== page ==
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Healthy lifestyle may counteract genetic risk of dementia

By Dan Lander and Michèle Nardelli

New research suggests that people with a genetic risk of dementia can substantially reduce their dementia risk by living a healthy lifestyle. New research suggests that people with a genetic risk of dementia can substantially reduce their dementia risk by living a healthy lifestyle.
> Creating “best days” to help stave off dementia

Living a healthy lifestyle may help counteract a person’s genetic risk of dementia, according to new international research.

The study was led by the University of Exeter in collaboration with researchers from UniSA, the University of Michigan, the University of Oxford, published in JAMA and presented at the Alzheimer’s Association International Conference 2019 in Los Angeles.

The research found the risk of dementia was 32 per cent lower in people with a high genetic risk if they had followed a healthy lifestyle, compared to those with an unhealthy lifestyle.

Participants with high genetic risk and an unfavourable lifestyle were almost three times more likely to develop dementia compared to those with a low genetic risk and favourable lifestyle.

Professor Elina Hyppönen, Director of UniSA’s Australian Centre for Precision Health, was a senior collaborator advising on genetic and statistical aspects of the study.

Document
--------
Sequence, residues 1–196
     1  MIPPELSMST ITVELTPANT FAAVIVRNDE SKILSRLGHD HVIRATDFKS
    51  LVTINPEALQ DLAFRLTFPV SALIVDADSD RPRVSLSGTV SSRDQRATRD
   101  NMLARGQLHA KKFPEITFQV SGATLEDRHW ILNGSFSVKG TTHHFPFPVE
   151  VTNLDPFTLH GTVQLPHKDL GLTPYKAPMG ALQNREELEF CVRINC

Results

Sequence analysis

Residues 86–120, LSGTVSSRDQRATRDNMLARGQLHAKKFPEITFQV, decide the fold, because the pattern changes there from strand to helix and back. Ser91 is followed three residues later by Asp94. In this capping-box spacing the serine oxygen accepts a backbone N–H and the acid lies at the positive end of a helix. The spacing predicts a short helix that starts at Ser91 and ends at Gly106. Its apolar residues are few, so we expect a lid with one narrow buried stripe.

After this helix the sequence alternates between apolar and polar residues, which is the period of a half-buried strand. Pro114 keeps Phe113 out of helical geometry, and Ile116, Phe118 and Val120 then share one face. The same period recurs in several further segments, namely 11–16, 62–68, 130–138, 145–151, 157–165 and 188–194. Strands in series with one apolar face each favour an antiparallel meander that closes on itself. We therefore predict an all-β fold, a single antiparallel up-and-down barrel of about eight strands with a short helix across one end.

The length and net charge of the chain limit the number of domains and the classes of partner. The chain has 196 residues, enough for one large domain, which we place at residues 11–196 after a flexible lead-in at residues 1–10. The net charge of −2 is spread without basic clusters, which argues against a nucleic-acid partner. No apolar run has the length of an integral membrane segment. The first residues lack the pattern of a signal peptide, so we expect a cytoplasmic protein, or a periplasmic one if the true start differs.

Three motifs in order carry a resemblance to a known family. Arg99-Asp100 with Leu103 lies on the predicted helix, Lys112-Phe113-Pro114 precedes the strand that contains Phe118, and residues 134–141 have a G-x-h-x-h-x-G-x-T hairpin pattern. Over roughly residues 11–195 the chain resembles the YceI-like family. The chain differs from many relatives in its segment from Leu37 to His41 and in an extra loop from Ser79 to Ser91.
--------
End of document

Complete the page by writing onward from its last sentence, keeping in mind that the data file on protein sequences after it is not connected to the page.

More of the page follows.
“Our results clearly show that in the context of dementia risk, it is possible to notably reduce the inherited risk by our own actions,” Prof Hyppönen says.

“Indeed, I was delighted to see the lifestyle choices which appear to work against dementia are those which we know to also be beneficial for reducing the risks of other chronic diseases, including cardiovascular disease and cancer.”

The study analysed data from 196,383 adults of European ancestry aged 60 and older from UK Biobank. The researchers identified 1769 cases of dementia over a follow-up period of eight years. The team grouped the participants into those with high, intermediate and low genetic risk for dementia.

To assess genetic risk, the researchers looked at previously published data and identified all known genetic risk factors for Alzheimer’s disease. Each genetic risk factor was weighted according to the strength of its association with Alzheimer’s disease.

Dr Elżbieta Kuźma, from the University of Exeter Medical School, says it was the first study to analyse the extent to which you may offset your genetic risk of dementia by living a healthy lifestyle.

“Our findings are exciting as they show we can take action to try to counteract our genetic risk for dementia. Sticking to a healthy lifestyle was associated with a reduced risk of dementia, regardless of the genetic risk,” she says. 

To assess lifestyle, researchers grouped participants into favourable, intermediate and unfavourable categories based on their self-reported diet, physical activity, smoking and alcohol consumption. The researchers considered no current smoking, regular physical activity, healthy diet and moderate alcohol consumption as healthy behaviours. The team found that living a healthy lifestyle was associated with a reduced dementia risk across all genetic risk groups.

Dr David Llewellyn, from the University of Exeter Medical School and the Alan Turing Institute, says the research delivers a really important message that undermines a fatalistic view of dementia.

“Some people believe it’s inevitable they’ll develop dementia because of their genetics,” Dr Llewellyn says. “However, it appears that you may be able to substantially reduce your dementia risk by living a healthy lifestyle.”